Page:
PEOPLE v. ALVERSON

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Supreme Court, Appellate Division, Fourth Department, New York.

The PEOPLE of the State of New York, Respondent, v. Melissa J. ALVERSON, Defendant–Appellant.

Decided: December 30, 2010

PRESENT:  MARTOCHE, J.P., CENTRA, FAHEY, LINDLEY, AND SCONIERS, JJ. Wyoming County–Attica Legal Aid Bureau, Inc., Conflict Defenders, Warsaw (Anna Jost of Counsel), for Defendant–Appellant. Thomas E. Moran, District Attorney, Geneseo (Eric R. Schiener of Counsel), for Respondent.

Defendant appeals from a judgment convicting her upon a jury verdict of, inter alia, criminal possession of a controlled substance in the third degree (Penal Law § 220.16[1] ) and criminal possession of a controlled substance in the fourth degree (§ 220.09[1] ).   Defendant contends that County Court erred in failing to charge criminal possession of a controlled substance in the fourth degree as a lesser included offense of criminal possession of a controlled substance in the third degree.   That contention is not preserved for our review because defendant failed to request such a charge (see People v. Buckley, 75 N.Y.2d 843, 846, 552 N.Y.S.2d 912, 552 N.E.2d 160).   In any event, defendant's contention lacks merit inasmuch as criminal possession of a controlled substance in the fourth degree pursuant to section 220.09(1) contains an element based on the weight of the drugs possessed by defendant that is not an element of criminal possession of a controlled substance in the third degree pursuant to section 220.16(1) (see People v. Lee, 196 A.D.2d 509, 601 N.Y.S.2d 20, lv. denied 82 N.Y.2d 851, 606 N.Y.S.2d 602, 627 N.E.2d 524).

 Defendant also failed to preserve for our review her contention that the court erred in charging the jury with respect to the drug factory presumption pursuant to Penal Law § 220.25(2), and we decline to exercise our power to review that contention as a matter of discretion in the interest of justice (see CPL 470.15[6][a] ).   We reject the further contention of defendant that the evidence is legally insufficient to establish her possession of the cocaine found in her apartment by the police during the execution of a search warrant (see generally People v. Bleakley, 69 N.Y.2d 490, 495, 515 N.Y.S.2d 761, 508 N.E.2d 672).   A large bag containing 36 smaller bags of cocaine was found on the dresser in defendant's bedroom, and a neighbor testified that he purchased cocaine at the residence from defendant, as well as from her boyfriend.   In addition, defendant was on the front porch of the apartment when the police executed the warrant, and she acknowledged that she resided in the apartment.   Thus, even without taking into consideration the drug factory presumption, we conclude that the People established that “defendant exercised ‘dominion or control’ over the property by a sufficient level of control over the area in which the [drugs were] found” (People v. Manini, 79 N.Y.2d 561, 573, 584 N.Y.S.2d 282, 594 N.E.2d 563;  see People v. Forsythe, 59 A.D.3d 1121, 1121–1122, 873 N.Y.S.2d 417, lv. denied 12 N.Y.3d 816, 881 N.Y.S.2d 23, 908 N.E.2d 931).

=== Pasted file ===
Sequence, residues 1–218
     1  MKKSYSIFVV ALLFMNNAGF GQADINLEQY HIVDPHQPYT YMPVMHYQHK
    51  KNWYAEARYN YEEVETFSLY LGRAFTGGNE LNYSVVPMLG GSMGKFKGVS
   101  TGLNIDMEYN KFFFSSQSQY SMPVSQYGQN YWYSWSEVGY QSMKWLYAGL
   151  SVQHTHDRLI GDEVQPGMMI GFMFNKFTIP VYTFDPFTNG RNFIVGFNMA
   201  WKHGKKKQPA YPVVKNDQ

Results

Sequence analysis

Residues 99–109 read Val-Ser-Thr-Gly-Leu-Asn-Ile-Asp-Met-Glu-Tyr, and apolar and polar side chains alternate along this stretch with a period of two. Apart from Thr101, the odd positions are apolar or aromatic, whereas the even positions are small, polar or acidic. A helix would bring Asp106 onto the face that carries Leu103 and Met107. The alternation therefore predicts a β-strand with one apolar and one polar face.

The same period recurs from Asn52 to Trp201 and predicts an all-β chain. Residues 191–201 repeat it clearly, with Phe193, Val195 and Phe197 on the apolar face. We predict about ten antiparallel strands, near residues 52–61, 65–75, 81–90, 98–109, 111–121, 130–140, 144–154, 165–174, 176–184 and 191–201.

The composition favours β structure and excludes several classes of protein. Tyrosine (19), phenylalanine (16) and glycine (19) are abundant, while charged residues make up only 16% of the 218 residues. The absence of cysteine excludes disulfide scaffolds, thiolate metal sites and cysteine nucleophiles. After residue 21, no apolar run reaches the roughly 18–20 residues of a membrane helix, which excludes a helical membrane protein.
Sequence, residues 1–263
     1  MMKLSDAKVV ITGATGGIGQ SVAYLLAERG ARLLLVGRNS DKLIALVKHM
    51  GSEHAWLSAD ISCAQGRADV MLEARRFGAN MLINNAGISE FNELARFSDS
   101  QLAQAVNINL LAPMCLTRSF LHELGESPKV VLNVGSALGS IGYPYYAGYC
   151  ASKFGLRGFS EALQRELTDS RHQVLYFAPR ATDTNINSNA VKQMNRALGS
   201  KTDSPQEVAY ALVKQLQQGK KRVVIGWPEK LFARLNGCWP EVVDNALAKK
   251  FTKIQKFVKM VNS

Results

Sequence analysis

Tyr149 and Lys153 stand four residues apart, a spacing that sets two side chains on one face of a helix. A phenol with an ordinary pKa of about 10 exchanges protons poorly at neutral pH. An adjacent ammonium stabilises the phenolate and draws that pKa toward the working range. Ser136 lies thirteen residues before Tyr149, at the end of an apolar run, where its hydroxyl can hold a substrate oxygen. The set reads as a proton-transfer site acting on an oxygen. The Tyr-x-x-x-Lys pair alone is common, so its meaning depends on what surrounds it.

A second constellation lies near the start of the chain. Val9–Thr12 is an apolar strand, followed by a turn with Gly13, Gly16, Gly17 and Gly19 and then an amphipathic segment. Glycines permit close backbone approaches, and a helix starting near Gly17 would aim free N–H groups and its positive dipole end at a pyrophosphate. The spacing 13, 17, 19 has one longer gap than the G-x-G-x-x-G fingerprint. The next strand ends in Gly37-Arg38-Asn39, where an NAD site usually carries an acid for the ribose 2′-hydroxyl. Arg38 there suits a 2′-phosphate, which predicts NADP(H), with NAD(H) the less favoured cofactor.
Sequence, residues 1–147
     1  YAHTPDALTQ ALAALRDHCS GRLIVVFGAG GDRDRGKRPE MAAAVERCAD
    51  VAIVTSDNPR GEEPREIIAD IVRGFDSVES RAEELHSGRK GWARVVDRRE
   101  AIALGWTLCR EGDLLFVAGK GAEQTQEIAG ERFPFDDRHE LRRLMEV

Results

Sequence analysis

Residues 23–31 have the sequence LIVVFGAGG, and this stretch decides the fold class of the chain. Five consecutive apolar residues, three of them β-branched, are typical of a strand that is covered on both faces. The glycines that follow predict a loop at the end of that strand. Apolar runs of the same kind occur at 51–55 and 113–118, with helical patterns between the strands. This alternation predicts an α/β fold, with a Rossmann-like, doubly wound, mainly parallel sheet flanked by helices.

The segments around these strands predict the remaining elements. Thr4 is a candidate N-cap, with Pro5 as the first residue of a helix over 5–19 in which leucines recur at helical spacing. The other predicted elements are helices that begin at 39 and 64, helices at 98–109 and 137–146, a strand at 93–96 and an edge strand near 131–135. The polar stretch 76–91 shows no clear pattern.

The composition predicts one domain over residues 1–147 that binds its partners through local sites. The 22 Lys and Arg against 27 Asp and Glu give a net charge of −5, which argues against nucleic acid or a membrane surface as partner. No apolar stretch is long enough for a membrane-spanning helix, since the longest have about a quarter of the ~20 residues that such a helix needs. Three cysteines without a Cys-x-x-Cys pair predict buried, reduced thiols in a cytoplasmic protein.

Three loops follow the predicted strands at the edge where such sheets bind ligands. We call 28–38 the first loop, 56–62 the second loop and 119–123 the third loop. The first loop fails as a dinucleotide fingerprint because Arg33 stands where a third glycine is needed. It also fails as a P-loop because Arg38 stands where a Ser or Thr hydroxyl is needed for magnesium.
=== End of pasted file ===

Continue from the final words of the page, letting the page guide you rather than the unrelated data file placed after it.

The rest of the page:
Contrary to the contention of defendant, the evidence is legally sufficient to establish her intent to sell the drugs (see generally Bleakley, 69 N.Y.2d at 495, 515 N.Y.S.2d 761, 508 N.E.2d 672).   Defendant's further contention that the evidence is legally insufficient to support the conviction of four counts of endangering the welfare of a child (Penal Law § 260.10[1] ) is not preserved for our review (see People v. Gray, 86 N.Y.2d 10, 19, 629 N.Y.S.2d 173, 652 N.E.2d 919).   Viewing the evidence in light of the elements of the crimes as charged to the jury (see People v. Danielson, 9 N.Y.3d 342, 349, 849 N.Y.S.2d 480, 880 N.E.2d 1), we conclude that the verdict is not against the weight of the evidence (see generally Bleakley, 69 N.Y.2d at 495, 515 N.Y.S.2d 761, 508 N.E.2d 672).

 We agree with defendant, however, that the sentence of a five-year term of imprisonment is unduly harsh and severe.   It is true, as the People point out, that defendant allowed cocaine to be sold out of her apartment, where she lived with her four young children, and she refused to accept responsibility for her actions.   Nevertheless, defendant had no criminal record and, prior to trial, she was offered the opportunity to plead guilty to attempted criminal possession of a controlled substance in the third degree in exchange for a sentence promise of shock probation.   Also, as the People correctly conceded at sentencing, defendant was less culpable as her boyfriend, who was the primary target of the drug investigation.   Defendant's boyfriend pleaded guilty to a felony drug charge and was sentenced to a term of imprisonment of three years.   Thus, as a matter of discretion in the interest of justice (see CPL 470.15[6][b] ), we modify the judgment by reducing the sentence to a determinate term of imprisonment of three years.

It is hereby ORDERED that the judgment so appealed from is unanimously modified as a matter of discretion in the interest of justice by reducing the sentence to a determinate term of imprisonment of three years and as modified the judgment is affirmed.

MEMORANDUM: